For the last few weeks the news has been telling us over and over again to make sure we have flood insurance, to make sure we’re “prepared”, and to make sure we have an emergency plan. That’s because near a dam on the Green River, there’s (apparently) an earth embankment that’s likely to (somehow) fail this coming winter, resulting in a flood anywhere between three and ten feet deep. (Update: Some news stories predict the dam over-topping; others predict the embankment failing. It’s hard to know which is actually the official prediction.)
A few days ago, my wife commented that the news mentioned the National Guard preparing accomodations for 5,000 displaced people in the event of a flood. Five thousand? There are probably five thousand people in my apartment complex. The flood zone is much, much bigger than my apartment complex. Where are all these people supposed to go?
It gets even better, though. Yesterday evening, the news played some comments by some woman high up in the local (city or county) government. Her comments went something like this:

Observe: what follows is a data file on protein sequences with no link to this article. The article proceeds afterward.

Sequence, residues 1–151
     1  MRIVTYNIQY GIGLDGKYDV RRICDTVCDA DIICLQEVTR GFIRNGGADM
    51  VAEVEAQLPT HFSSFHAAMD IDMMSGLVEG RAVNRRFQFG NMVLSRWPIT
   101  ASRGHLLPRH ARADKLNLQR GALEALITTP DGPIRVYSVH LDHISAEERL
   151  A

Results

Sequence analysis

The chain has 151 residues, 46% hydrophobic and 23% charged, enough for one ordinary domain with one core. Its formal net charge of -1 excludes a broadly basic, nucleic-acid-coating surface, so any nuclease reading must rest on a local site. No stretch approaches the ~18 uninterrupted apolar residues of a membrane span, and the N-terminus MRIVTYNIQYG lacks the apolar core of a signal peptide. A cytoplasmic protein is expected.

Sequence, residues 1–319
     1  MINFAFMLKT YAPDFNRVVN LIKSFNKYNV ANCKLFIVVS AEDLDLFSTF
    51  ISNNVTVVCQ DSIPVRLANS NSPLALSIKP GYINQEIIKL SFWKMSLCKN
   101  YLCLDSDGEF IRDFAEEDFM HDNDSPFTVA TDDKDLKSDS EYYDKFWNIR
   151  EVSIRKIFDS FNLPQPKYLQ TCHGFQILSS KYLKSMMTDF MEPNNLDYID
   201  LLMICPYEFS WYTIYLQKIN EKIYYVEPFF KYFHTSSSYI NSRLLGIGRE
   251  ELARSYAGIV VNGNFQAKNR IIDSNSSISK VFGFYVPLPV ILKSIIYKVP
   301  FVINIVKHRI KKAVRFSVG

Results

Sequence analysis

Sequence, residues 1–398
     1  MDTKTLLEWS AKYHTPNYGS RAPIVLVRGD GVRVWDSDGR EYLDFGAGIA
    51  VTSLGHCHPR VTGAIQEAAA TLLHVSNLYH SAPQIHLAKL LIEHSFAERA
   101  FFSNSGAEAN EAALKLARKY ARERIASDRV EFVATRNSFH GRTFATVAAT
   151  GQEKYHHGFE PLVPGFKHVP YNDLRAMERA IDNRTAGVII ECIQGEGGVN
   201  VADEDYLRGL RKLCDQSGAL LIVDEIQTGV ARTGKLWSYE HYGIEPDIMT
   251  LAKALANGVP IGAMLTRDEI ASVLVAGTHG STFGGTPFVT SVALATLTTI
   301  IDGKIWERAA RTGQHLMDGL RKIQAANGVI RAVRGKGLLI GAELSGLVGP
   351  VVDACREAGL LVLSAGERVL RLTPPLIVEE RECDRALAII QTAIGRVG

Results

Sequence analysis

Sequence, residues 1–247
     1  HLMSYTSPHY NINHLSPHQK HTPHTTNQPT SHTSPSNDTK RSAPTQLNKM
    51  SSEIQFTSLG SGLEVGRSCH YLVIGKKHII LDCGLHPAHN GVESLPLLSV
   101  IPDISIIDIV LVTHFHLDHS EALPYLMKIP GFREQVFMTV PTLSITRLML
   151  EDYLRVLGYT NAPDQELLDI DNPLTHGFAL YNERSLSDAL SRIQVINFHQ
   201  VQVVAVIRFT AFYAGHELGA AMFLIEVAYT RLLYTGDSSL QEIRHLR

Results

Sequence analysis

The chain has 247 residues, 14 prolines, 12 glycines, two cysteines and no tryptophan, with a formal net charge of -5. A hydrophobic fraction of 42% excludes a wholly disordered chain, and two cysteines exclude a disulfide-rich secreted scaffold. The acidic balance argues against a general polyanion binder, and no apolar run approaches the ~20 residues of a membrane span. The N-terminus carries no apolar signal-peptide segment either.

We need to learn from Hurricane Katrina. After Katrina, the city ran out of body bags, and families were stuck with bodies for weeks and weeks. We want to make sure that no families here are stuck with a body for weeks.
So much concern over body bags proves to me that they’re expecting a lot of deaths. Wouldn’t it make more sense to tell everyone to leave the area? That way, nobody dies! Gee, what a novel idea.
I feel like the local government is completely clueless about what to do about this flood. Nobody has ever explained why they aren’t fixing the levy. If money’s the issue, I’m sure the tens of thousands of people in the flood zone could all pitch in and fund repairs – I know I would be willing.
Update: I found a local news station’s story on the King County Council meeting. This was the actual quote:
KIRO 7 Eyewitness News reporter Chris Egert said one council member asked about body bags while others made comparisons to Hurricane Katrina.
“I want to know what we have in the supply of body bags if somebody gets killed,” asked Kathy Lambert of the King County Council. “Do we have a supply of body bags so families will be able to deal with that?”
Update 2: Another news story on the same station’s site informs us that
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Engineers are working 24 hours a day on a temporary fix at the dam, but they don’t know how well it will work.